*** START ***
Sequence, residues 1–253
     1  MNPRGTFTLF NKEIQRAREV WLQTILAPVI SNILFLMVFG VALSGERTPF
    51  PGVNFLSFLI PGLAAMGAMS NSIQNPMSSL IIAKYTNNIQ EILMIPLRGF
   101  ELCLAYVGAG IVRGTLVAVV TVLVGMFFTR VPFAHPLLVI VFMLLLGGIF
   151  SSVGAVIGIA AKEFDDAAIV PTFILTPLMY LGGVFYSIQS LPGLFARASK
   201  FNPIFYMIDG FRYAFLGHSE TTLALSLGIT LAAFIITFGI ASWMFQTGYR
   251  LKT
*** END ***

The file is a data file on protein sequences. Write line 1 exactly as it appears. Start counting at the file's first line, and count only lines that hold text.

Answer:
Sequence, residues 1–253